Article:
No. 358.
Mr. Bell to Mr. Bayard.

No. 127.]

Sir: I have the honor to report that the Second Chamber of the States General has commenced the discussion of the treaty concluded between Germany, Switzerland, and the Netherlands respecting the salmon fishery in the Rhine.

[Page 750]

This discussion will continue during the early part of the week.

After the vote upon the treaty has been taken, the Chamber will occupy itself with the project of law looking to a revision of the customs tariff of the East Indies.

Three important amendments to the ministerial project have been announced in the Second Chamber.

By the first of these amendments it is proposed to re-establish in the Indies the protection system by taxing foreign merchandise imported into the Indies double the duty levied upon similar articles imported from the mother country.

The object of the second amendment is to provide a system of customs union between the mother country and the Indies, the most important feature of which is its proposal to abolish all export duty on all India articles destined for the mother country except tin and birds’ nests.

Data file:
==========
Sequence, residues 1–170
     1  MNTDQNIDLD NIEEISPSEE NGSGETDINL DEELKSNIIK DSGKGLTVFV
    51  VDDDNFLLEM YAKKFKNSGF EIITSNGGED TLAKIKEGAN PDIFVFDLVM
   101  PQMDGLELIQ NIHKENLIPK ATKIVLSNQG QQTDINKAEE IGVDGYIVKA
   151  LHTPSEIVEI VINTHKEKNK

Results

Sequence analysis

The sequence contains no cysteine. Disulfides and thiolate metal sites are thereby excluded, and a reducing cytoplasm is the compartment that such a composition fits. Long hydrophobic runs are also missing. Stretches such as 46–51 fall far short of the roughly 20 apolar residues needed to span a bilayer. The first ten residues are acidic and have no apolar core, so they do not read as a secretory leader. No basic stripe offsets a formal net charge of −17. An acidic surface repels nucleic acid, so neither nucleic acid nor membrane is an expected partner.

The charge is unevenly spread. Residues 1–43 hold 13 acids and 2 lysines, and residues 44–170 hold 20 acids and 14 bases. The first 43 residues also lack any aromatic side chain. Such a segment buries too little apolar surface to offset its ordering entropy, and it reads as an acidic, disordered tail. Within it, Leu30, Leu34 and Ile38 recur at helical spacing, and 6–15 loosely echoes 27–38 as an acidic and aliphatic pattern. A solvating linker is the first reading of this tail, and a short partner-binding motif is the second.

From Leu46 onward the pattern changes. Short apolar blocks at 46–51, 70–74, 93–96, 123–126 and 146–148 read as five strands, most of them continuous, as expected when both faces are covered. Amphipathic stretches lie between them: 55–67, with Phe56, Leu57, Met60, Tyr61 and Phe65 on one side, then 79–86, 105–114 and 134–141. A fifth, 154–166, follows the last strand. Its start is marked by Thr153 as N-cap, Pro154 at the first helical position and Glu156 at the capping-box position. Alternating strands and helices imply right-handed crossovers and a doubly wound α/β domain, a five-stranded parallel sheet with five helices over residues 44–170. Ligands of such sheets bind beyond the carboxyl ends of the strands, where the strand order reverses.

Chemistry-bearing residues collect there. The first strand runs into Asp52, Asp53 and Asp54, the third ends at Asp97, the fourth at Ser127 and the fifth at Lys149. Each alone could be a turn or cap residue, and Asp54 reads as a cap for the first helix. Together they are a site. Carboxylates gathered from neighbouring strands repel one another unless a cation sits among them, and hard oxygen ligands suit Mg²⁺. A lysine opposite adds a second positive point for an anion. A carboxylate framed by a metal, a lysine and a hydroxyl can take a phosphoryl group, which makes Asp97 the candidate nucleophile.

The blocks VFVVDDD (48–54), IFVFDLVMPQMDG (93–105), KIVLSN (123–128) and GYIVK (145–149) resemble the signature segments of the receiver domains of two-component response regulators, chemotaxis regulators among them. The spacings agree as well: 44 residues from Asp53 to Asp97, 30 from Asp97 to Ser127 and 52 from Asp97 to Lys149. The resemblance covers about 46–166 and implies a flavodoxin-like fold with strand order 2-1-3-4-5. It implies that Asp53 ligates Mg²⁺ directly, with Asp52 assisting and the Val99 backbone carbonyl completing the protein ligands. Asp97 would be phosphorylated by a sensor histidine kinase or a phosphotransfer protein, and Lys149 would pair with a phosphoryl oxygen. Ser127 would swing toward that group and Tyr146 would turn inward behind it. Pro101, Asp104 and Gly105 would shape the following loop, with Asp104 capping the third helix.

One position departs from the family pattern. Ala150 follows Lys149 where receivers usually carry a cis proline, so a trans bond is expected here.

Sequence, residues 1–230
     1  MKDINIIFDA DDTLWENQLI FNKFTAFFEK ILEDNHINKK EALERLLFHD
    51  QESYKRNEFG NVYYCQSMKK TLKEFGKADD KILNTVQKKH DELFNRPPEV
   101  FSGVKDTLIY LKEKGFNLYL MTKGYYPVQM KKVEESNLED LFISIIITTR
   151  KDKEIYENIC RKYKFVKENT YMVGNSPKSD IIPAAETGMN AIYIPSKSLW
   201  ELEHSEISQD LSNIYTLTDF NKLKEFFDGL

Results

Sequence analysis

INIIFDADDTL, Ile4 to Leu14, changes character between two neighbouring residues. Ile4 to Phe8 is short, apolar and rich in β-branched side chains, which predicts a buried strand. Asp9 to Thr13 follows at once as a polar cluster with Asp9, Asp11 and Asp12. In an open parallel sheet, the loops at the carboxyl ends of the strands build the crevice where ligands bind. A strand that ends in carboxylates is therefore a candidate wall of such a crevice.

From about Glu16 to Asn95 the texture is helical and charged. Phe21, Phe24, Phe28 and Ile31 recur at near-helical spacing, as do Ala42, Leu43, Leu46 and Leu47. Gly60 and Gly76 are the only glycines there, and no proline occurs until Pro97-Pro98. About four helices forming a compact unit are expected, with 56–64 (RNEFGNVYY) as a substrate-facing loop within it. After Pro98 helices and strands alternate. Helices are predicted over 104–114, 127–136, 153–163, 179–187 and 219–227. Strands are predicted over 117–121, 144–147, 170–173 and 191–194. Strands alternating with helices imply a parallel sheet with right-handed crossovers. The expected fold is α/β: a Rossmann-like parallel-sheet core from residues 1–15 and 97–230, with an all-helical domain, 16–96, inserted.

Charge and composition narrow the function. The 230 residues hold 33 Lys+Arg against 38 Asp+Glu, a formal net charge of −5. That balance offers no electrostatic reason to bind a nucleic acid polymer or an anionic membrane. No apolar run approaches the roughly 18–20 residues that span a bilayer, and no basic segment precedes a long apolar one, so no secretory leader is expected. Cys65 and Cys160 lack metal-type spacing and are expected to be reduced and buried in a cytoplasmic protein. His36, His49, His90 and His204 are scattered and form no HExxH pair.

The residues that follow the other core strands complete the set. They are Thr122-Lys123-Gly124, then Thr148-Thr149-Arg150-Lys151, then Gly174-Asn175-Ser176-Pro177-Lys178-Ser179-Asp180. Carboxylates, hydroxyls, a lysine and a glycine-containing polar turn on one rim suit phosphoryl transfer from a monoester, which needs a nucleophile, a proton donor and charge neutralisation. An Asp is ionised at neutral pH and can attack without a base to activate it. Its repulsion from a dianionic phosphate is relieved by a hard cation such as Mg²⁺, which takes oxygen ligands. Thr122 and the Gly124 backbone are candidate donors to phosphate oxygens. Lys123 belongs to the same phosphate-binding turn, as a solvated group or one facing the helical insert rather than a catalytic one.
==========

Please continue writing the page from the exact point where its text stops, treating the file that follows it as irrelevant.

It is proposed by the third amendment to abolish all export duties on all articles exported from the colonies, without regard to their destination, with the exception of tin and birds’ nests.

With regard to the feeling of the Chambers upon these amendments, it is claimed by those who are in a position to be well informed that it is quite likely that the first and second amendments will be rejected.

There seems to be a strong feeling against the re-establishment of the system of differential duties abolished in 1872.

Should the third amendment be adopted, which seems doubtful, it will abolish the export duties upon the following articles exported to the United States: Coffee, sugar, tobacco, indigo, and tea.

The ministerial project, which has been the subject of former correspondence, to levy an excise tax on petroleum imported into the colonies, will be discussed at the same time.

I will attend the sessions of the Chambers during the discussion of the latter project, and apprise you of the result.

I have, &c.,